Prison Economics Help Drive Ariz. Immigration Law

Listen to the audio story at http://www.npr.org/2010/10/28/130833741/prison-economics-help-drive-ariz-immigration-law

Glenn Nichols, city manager of Benson, Ariz., says two men came to the city last year "talking about building a facility to hold women and children that were illegals."

by Laura Sullivan

October 28, 2010

Last year, two men showed up in Benson, Ariz., a small desert town 60 miles from the Mexico border, offering a deal.

Glenn Nichols, the Benson city manager, remembers the pitch.

“The gentleman that’s the main thrust of this thing has a huge turquoise ring on his finger,” Nichols said. “He’s a great big huge guy and I equated him to a car salesman.”

What he was selling was a prison for women and children who were illegal immigrants.

“They talk [about] how positive this was going to be for the community,” Nichols said, “the amount of money that we would realize from each prisoner on a daily rate.”

But Nichols wasn’t buying. He asked them how would they possibly keep a prison full for years — decades even — with illegal immigrants?

“They talked like they didn’t have any doubt they could fill it,” Nichols said.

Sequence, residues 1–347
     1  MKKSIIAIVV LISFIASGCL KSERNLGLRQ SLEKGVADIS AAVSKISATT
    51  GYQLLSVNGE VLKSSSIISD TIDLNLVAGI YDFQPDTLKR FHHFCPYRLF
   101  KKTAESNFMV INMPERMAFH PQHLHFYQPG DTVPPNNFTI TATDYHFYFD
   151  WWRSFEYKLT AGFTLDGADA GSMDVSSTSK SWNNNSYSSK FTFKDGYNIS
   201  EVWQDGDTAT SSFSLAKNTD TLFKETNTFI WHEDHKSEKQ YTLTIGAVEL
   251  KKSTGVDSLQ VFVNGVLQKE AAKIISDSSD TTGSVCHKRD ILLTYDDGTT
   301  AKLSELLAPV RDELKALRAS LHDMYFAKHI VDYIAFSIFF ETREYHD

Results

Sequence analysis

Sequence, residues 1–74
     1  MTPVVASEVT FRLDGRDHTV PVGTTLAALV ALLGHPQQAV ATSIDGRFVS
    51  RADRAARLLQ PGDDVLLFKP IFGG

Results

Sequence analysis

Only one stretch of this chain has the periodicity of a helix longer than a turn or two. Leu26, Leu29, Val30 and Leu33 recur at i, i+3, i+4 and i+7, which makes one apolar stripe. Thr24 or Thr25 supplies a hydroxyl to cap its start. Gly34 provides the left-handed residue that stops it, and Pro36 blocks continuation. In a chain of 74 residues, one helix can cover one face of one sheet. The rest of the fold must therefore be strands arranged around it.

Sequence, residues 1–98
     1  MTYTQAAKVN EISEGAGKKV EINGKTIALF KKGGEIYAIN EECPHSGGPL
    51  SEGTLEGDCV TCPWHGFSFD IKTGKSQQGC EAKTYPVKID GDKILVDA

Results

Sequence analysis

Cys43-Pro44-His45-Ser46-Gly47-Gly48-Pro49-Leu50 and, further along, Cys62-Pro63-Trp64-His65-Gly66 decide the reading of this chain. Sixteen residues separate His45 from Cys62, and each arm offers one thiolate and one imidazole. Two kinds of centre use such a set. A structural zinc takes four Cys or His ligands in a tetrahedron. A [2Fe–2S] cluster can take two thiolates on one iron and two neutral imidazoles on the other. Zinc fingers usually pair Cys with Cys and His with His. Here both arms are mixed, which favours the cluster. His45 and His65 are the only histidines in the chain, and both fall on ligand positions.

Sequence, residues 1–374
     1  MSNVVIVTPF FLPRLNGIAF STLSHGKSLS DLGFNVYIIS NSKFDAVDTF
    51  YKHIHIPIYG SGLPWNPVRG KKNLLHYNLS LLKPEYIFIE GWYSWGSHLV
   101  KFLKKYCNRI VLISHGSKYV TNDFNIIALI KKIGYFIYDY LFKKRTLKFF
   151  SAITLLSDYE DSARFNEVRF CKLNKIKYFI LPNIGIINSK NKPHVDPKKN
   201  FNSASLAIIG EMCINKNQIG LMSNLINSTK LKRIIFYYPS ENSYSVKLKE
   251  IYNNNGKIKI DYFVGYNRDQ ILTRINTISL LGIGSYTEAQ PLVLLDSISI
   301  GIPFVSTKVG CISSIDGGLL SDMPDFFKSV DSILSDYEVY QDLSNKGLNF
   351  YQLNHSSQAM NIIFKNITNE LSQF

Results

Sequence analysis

That’s because prison companies like this one had a plan — a new business model to lock up illegal immigrants. And the plan became Arizona’s immigration law.

Behind-The-Scenes Effort To Draft, Pass The Law

The law is being challenged in the courts. But if it’s upheld, it requires police to lock up anyone they stop who cannot show proof they entered the country legally.

Among hundreds of bills drafted by an alliance of business, lawmakers: Arizona’s immigration law.

When it was passed in April, it ignited a firestorm. Protesters chanted about racial profiling. Businesses threatened to boycott the state.

Supporters were equally passionate, calling it a bold positive step to curb illegal immigration.

But while the debate raged, few people were aware of how the law came about.

NPR spent the past several months analyzing hundreds of pages of campaign finance reports, lobbying documents and corporate records. What they show is a quiet, behind-the-scenes effort to help draft and pass Arizona Senate Bill 1070 by an industry that stands to benefit from it: the private prison industry.

The law could send hundreds of thousands of illegal immigrants to prison in a way never done before. And it could mean hundreds of millions of dollars in profits to private prison companies responsible for housing them.

Arizona state Sen. Russell Pearce, pictured here at Tea Party rally on Oct. 22, was instrumental in drafting the state's immigration law. He also sits on a American Legislative Exchange Council (ALEC) task force, a group that helped shape the law.